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Experts React To Weekly Jobs Number: 'Unemployment Rate Will Break Through 20%'

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Experts React To Weekly Jobs Number: 'Unemployment Rate Will Break Through 20%'

The SPDR S&P 500 ETF Trust (NYSE: SPY) traded lower by 0.3% on Thursday after the Labor Department reported weekly jobless claims of 5.245 million, bringing the running total for the coronavirus downturn up to 22 million.

This week’s jobless claims were down 1.37 million, suggesting the worst of the negative economic impact from COVID-19 may have finally passed — but the number was still above consensus economist estimates of 5 million. Economists are now expecting the unemployment rate to hit 10% this month, with some estimating it will go as high as 15%.

Several experts have weighed in on Thursday’s weekly jobs number and what it means for investors.

Silver Lining

David Bahnsen, chief investment officer of The Bahnsen Group, said there was a silver lining to this week’s number.

“This is an awful number, but it is lower than the prior two weeks, which were above 6 million jobless claims. I do believe we have peaked,” Bahnsen said Thursday.

Now that investors know just how bad it’s going to get, the $1-million question is how long it will be until the picture starts to improve.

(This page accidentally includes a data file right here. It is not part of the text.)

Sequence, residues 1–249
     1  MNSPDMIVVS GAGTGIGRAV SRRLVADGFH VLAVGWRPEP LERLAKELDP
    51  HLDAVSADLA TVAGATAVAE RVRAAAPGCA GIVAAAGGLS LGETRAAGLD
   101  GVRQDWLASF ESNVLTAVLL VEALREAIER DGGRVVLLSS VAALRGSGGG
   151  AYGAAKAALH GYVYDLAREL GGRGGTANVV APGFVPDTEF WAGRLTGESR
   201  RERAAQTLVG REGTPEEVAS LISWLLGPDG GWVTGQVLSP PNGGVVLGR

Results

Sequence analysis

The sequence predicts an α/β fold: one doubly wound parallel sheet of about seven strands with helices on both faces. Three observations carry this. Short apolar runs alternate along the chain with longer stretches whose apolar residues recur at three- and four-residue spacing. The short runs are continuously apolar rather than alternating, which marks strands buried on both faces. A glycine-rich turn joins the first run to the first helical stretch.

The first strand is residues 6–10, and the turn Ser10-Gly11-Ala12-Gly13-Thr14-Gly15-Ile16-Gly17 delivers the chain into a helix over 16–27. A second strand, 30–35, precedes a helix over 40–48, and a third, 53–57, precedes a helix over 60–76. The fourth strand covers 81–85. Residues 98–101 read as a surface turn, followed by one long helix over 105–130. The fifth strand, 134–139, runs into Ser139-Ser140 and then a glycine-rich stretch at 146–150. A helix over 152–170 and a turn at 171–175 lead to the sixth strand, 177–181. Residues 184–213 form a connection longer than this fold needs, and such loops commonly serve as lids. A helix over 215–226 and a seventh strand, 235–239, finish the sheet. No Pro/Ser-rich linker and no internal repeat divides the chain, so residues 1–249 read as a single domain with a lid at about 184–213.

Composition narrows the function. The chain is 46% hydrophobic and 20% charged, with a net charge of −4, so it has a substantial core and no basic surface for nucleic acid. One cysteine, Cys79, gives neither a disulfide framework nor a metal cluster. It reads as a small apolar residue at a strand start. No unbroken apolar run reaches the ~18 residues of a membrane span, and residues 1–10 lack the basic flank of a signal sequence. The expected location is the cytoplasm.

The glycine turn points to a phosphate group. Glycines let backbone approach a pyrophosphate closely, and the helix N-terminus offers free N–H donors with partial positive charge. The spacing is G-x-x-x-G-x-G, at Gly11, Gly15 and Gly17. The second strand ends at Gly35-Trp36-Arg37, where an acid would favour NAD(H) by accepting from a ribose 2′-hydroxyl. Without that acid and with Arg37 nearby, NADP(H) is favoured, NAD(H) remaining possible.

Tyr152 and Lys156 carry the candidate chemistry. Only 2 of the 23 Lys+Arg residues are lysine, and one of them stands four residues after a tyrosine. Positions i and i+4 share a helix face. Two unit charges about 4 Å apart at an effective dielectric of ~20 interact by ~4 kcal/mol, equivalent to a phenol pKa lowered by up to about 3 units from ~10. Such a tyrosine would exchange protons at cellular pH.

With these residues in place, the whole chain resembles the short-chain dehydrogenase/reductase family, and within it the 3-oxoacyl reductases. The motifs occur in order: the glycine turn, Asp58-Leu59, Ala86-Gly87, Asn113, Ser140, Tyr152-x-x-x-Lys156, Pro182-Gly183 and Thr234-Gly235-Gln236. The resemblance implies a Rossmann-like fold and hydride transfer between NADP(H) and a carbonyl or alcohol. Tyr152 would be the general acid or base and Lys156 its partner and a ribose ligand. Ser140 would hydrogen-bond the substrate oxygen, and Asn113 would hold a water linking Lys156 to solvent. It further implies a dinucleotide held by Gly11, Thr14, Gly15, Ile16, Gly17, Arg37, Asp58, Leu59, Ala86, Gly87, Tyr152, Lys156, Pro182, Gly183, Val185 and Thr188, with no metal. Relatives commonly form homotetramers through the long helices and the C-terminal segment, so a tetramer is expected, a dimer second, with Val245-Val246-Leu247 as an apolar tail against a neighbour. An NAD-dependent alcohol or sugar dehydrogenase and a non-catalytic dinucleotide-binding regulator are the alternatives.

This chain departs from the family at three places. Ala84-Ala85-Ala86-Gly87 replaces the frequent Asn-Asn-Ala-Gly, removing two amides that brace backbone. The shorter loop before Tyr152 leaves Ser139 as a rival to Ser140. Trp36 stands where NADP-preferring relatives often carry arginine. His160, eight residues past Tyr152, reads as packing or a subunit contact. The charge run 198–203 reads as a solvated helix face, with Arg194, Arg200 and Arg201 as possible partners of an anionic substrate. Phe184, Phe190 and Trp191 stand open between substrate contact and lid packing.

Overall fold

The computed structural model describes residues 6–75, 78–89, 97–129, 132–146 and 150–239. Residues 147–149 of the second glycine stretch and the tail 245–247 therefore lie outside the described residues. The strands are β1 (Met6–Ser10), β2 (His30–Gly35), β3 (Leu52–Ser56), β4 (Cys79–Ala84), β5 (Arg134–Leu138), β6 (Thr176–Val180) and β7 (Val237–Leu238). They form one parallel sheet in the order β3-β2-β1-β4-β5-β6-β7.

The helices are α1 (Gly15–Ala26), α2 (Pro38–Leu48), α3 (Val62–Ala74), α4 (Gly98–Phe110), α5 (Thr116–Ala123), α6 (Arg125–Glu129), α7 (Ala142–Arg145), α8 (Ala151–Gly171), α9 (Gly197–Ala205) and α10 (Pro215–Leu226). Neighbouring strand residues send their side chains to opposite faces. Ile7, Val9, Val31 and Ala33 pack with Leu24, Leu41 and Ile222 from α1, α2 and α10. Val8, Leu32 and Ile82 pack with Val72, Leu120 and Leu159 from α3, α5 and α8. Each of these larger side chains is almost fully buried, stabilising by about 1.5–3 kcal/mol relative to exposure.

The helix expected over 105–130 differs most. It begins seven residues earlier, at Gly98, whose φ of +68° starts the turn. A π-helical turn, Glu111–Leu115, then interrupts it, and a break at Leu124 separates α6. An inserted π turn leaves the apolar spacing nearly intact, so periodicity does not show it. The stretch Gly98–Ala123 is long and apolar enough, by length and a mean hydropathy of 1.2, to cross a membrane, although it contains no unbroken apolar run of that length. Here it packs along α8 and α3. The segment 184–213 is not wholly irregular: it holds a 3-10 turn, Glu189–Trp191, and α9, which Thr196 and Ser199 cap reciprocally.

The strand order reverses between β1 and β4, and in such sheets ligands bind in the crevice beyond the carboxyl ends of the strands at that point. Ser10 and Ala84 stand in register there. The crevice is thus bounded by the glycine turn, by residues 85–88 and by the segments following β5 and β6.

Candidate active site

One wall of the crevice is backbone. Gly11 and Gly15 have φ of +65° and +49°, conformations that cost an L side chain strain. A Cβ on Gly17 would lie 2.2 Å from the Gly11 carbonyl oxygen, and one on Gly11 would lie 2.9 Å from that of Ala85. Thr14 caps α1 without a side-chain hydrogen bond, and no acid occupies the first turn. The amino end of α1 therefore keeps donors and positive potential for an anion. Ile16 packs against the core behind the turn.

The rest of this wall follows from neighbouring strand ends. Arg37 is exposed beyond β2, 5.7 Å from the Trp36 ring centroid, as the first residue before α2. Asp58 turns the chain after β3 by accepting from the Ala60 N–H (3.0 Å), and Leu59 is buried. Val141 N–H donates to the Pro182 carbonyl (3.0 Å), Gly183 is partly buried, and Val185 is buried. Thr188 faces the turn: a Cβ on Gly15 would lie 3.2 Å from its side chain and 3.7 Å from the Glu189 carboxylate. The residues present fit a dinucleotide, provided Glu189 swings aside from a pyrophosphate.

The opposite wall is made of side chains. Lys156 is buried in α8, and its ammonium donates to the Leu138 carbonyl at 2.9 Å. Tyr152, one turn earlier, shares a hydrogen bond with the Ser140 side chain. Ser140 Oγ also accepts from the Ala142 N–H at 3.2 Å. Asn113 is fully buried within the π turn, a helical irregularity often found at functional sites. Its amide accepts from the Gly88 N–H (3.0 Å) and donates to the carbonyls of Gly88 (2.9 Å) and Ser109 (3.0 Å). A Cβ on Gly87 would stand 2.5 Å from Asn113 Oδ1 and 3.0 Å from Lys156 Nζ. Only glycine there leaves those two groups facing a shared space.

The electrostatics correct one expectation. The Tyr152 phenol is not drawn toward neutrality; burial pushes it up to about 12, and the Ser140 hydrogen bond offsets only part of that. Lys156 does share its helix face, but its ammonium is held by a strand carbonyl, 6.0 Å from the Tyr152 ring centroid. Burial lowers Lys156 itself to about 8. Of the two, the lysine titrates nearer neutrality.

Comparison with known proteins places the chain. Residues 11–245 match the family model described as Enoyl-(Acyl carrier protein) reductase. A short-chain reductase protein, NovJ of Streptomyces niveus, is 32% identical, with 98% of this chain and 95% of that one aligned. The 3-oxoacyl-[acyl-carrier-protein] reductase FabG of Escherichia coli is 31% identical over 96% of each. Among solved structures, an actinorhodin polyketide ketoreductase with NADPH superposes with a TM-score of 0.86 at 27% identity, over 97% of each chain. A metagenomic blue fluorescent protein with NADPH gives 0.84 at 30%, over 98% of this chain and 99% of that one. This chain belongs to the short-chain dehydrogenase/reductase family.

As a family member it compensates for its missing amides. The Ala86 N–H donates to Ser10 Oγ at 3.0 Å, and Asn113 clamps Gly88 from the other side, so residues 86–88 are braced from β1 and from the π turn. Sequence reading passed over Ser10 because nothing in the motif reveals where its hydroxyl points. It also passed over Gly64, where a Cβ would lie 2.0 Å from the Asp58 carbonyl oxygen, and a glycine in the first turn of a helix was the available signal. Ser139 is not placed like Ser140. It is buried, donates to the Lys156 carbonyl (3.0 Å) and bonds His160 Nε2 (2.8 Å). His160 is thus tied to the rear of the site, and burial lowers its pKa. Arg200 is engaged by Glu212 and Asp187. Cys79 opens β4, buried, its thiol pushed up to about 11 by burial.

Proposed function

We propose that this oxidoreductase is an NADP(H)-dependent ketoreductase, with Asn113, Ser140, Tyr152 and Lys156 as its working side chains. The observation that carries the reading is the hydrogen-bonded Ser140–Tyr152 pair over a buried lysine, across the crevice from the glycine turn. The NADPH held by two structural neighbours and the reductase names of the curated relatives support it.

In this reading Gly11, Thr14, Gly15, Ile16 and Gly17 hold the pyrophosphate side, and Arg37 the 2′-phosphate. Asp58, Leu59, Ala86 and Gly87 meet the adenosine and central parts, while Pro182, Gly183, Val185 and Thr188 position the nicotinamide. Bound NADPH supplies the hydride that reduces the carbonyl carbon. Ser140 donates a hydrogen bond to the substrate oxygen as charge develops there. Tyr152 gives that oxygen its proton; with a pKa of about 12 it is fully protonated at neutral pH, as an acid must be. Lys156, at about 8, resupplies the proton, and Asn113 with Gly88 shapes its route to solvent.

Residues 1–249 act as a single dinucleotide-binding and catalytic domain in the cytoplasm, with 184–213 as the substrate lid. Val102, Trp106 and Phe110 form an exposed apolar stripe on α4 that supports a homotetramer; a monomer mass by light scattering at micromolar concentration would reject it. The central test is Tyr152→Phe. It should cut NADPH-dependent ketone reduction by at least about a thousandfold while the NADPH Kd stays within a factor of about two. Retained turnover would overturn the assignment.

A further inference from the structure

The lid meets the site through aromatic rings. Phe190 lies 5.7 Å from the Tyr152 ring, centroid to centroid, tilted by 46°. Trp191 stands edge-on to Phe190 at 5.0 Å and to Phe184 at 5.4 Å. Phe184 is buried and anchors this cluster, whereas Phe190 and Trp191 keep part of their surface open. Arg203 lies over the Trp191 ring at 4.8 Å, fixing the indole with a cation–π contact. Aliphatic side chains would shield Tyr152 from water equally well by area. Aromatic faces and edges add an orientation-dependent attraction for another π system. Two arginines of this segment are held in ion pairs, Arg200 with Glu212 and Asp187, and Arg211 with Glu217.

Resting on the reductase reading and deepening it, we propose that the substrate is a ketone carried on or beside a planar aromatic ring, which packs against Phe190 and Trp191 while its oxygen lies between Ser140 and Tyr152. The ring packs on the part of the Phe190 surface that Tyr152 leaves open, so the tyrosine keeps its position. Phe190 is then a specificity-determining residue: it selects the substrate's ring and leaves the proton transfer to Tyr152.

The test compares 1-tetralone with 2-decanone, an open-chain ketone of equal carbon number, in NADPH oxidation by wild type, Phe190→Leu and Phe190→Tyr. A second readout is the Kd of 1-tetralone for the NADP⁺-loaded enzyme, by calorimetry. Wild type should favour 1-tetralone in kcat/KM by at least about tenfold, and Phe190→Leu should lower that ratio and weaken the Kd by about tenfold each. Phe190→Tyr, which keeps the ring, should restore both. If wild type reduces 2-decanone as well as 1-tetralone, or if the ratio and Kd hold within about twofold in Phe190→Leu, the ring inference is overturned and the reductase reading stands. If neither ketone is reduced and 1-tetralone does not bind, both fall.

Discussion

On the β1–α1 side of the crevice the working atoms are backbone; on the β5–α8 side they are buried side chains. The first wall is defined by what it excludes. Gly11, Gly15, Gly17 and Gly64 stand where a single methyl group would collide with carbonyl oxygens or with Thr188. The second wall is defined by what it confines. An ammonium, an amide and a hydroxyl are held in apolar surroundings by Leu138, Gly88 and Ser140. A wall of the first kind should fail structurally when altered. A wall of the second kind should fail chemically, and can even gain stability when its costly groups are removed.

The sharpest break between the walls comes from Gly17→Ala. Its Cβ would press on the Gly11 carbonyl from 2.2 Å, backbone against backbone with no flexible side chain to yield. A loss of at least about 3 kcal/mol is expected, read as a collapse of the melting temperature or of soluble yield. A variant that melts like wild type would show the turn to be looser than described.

Clock Is Ticking

Mark Hamrick, senior economic analyst for Bankrate, said he’s hopeful many of the job losses are temporary, but it seems inevitable that some companies won’t survive the downturn.

“With no immediate end in sight to efforts aimed at mitigating the virus’ spread and impact, it is impossible to see a near-term upturn in employment prospects,” Hamrick said.

He said employment records are being broken left and right.

“Broadly unknown is how many of these sidelined workers can and will return to their employment in the coming weeks or months.”

Depression-Era Unemployment?

Joseph Brusuelas, chief economist at RSM US LLP, said the U.S. unemployment rate will likely hit 20% before all is said and done.

“The U.S. unemployment rate will break through 20% this spring and likely test the 1933 Depression-era high of 24.9% this year,” Brusuelas said.

Congress needs to step up its game and begin working on a second round of aid for struggling Americans, he said. 

“Each day that aid is delayed will only serve to boost bankruptcies, unemployment and loan defaults on mortgages, auto and consumer credit."

Benzinga’s Take

U.S. President Donald Trump took a lot of heat from critics when he said the country “can’t have the cure be worse than the problem.” As each week passes with the economy shut down, Americans are learning firsthand the devastation that can be caused by a concurrent health and economic crisis. 

Do you agree with this take? Email feedback@benzinga.com with your thoughts.

Related Links:

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